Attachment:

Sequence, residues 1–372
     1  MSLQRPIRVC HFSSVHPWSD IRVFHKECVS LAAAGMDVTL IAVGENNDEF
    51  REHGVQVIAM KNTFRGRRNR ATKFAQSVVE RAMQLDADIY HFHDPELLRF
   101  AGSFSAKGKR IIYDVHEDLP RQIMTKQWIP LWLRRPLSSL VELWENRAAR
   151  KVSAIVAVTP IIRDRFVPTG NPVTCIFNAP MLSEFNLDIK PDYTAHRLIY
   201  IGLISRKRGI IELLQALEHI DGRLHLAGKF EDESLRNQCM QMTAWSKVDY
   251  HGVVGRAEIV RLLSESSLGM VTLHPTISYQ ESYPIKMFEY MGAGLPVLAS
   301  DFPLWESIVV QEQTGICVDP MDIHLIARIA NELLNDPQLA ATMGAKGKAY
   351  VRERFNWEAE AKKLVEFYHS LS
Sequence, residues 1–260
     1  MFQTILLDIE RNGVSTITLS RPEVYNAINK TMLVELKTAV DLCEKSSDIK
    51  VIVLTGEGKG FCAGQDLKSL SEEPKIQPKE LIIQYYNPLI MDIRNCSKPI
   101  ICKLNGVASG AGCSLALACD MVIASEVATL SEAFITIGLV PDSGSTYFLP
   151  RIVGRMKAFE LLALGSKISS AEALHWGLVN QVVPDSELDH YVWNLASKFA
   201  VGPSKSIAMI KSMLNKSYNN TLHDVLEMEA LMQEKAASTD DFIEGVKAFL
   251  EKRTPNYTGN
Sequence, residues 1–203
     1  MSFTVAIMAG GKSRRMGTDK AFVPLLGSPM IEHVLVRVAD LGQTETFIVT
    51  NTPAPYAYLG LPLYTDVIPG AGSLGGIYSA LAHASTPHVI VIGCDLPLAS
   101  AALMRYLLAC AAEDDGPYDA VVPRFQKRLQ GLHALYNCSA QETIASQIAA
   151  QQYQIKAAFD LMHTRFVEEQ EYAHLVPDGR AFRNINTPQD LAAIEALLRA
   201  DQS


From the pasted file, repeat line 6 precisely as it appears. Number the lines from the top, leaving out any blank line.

   201  IGLISRKRGI IELLQALEHI DGRLHLAGKF EDESLRNQCM QMTAWSKVDY